Everybody Gets the Blues is jazz pianist Eric Reed‘s strongest statement yet in a lifelong mission to revitalize the gospel roots of jazz. Joined by a thrilling quartet with Tim Green, Mike Gurolla, and McClenty Hunter, Reed finds inspiration and some unexpected connections in the music of Cedar Walton, Stevie Wonder, The Beatles, John Coltrane, Freddie Hubbard while rediscovering the gospel lifeblood that fuels his jazz passion.
Eric Reed, a commanding presence on the jazz scene since at least 1990, when he was hired to the piano post in Wynton Marsalis’ band, has always hinted at a deep vein of spirituality in his music, variously expressed in individual pieces as well as in his nods and tributes to Coltrane, Monk and others.” – Phillip Booth, JazzTimes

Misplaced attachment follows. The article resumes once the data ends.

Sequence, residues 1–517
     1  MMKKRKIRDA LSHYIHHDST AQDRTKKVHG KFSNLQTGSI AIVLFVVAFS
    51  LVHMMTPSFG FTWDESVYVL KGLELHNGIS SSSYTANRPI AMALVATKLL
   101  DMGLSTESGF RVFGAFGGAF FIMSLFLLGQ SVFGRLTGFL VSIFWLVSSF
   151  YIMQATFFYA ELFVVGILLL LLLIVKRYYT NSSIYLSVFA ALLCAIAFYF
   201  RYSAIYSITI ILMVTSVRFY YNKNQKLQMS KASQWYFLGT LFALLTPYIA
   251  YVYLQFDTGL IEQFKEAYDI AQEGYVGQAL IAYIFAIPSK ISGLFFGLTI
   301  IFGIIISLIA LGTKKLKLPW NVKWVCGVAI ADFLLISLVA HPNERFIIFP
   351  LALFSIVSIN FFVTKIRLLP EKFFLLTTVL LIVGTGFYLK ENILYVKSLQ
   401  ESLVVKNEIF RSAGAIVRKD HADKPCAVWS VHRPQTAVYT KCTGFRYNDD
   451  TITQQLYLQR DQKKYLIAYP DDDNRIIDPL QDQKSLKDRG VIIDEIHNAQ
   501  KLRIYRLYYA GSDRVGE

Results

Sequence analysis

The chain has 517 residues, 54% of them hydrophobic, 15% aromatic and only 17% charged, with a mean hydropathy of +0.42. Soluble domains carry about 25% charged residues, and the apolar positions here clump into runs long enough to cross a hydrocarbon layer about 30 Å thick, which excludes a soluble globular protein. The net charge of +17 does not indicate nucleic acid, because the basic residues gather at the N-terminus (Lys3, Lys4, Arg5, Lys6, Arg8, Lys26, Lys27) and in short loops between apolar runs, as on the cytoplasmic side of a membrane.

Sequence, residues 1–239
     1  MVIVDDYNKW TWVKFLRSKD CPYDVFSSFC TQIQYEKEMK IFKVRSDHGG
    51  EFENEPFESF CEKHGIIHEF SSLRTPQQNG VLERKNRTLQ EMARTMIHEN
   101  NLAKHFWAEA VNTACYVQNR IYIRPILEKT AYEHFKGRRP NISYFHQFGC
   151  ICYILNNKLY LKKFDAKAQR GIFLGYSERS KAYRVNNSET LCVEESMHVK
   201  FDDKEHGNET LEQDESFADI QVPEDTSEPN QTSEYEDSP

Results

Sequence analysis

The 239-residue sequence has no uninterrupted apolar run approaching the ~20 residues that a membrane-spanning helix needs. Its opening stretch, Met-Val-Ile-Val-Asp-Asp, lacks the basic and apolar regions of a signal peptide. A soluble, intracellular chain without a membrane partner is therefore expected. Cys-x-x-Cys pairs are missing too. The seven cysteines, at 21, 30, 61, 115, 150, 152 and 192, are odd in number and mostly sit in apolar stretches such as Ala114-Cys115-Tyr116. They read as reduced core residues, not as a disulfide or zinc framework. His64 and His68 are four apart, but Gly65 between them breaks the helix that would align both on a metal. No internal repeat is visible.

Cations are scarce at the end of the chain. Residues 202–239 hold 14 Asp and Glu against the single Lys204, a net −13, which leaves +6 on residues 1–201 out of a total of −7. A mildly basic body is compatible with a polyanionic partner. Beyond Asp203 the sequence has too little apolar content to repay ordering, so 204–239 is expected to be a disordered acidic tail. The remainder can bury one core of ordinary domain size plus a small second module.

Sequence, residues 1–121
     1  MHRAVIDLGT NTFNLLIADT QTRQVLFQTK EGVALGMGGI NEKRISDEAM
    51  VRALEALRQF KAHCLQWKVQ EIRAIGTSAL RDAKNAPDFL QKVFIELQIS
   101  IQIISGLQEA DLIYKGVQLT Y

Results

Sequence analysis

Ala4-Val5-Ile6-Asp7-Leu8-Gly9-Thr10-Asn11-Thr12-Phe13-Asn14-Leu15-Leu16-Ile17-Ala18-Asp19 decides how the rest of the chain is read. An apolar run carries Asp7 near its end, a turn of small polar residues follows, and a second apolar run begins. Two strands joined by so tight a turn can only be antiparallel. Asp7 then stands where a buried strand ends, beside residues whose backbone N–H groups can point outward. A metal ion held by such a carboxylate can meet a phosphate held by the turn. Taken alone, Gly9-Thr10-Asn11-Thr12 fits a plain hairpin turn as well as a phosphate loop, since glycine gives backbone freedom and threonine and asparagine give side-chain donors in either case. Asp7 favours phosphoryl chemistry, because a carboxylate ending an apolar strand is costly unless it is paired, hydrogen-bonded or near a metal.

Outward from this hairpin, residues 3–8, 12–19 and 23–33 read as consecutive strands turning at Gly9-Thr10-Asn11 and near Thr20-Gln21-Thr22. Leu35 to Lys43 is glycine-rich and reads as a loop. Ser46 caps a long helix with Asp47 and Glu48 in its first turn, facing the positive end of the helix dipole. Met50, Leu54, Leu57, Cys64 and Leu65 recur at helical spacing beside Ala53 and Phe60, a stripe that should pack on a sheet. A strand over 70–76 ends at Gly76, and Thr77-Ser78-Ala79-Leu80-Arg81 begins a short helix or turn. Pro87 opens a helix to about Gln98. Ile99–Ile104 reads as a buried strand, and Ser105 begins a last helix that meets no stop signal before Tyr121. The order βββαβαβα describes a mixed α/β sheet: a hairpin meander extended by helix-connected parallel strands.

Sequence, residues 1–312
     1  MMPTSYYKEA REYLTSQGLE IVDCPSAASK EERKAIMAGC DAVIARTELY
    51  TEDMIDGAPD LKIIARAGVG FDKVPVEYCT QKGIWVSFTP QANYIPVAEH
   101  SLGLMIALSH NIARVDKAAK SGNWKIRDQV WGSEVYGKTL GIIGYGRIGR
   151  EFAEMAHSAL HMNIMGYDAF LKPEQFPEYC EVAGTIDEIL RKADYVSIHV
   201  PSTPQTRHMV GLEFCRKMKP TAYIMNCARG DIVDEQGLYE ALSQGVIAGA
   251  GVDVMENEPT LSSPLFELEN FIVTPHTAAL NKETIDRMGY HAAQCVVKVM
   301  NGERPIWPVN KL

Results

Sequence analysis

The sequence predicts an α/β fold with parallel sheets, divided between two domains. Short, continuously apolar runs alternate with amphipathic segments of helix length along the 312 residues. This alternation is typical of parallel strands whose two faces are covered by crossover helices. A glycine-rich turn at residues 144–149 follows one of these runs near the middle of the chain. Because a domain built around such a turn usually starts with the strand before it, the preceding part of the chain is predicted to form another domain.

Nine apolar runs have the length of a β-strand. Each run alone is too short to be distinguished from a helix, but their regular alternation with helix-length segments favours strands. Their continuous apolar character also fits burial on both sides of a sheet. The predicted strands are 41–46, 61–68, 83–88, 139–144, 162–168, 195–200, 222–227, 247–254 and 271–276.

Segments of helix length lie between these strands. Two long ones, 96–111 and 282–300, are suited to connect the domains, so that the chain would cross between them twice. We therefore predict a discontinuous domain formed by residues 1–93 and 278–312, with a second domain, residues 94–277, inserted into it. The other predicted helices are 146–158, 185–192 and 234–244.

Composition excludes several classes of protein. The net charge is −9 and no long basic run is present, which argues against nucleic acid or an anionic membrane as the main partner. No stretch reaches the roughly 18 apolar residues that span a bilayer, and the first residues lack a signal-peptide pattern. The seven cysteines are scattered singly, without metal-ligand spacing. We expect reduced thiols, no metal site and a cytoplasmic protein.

For the grandson of AME preachers, it was the sound of the gospel that Reed first heard and first played, and that was at the core of his earliest love of jazz. “When I first started playing jazz as a child, my fascination with the music of Horace Silver, Ramsey Lewis, or Dave Brubeck resonated with what I heard growing up in church, listening to piano players like James Cleveland and Herbert Picard and Curtis Dublin. I said, ‘Wait a minute, this doesn’t sound like the stuff I play in church, but it’s very closely connected. What’s going on here?’”
“Mr. Reed has a precise interface with the piano, and roughly the same inclinations as both an improviser and a bandleader: He favors syncopation and poise, spontaneity and control.” – Nate Chinen, The New York Times
“For too many years I ignored my own instincts,” the pianist says. “I started out playing different kinds of music with all different kinds of people, but I took a detour. This record is a turning point; it’s finally time to start doing what it is that I want to do.”
Through a range of moods and styles, Eric Reed recognizes that Everybody Gets the Blues, offering a spirited act of communion for those wanting to commiserate and a vigorous set of swing for those who’ve come out the other side.